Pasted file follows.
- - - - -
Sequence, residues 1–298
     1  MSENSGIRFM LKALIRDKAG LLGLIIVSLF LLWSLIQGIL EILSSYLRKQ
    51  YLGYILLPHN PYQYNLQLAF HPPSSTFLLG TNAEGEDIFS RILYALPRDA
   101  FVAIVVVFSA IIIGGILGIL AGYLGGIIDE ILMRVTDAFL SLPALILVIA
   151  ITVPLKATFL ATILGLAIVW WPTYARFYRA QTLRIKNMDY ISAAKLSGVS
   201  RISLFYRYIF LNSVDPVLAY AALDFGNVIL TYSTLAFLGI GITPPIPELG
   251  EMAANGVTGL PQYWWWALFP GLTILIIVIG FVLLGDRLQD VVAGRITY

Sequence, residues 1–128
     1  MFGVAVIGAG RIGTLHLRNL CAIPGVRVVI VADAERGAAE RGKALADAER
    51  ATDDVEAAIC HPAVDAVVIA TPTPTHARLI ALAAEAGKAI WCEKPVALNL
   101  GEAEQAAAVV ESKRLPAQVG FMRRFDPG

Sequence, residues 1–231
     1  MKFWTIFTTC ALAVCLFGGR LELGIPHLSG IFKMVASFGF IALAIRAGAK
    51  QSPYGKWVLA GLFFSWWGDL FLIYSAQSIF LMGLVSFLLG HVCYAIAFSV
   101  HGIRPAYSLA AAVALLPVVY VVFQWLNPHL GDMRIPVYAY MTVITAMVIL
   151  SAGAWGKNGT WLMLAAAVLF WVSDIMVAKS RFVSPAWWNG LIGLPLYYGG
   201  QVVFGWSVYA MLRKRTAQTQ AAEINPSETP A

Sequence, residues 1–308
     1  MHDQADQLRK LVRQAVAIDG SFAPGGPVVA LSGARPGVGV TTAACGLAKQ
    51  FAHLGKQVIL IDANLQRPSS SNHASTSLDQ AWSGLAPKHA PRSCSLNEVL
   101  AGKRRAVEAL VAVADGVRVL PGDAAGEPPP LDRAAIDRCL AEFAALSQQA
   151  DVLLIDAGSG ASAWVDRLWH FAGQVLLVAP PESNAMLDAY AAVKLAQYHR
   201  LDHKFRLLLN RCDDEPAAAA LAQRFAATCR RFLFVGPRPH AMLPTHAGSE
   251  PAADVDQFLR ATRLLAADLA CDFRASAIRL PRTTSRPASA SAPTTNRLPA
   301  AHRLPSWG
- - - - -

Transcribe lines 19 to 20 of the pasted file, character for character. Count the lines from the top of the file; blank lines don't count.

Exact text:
     1  MHDQADQLRK LVRQAVAIDG SFAPGGPVVA LSGARPGVGV TTAACGLAKQ
    51  FAHLGKQVIL IDANLQRPSS SNHASTSLDQ AWSGLAPKHA PRSCSLNEVL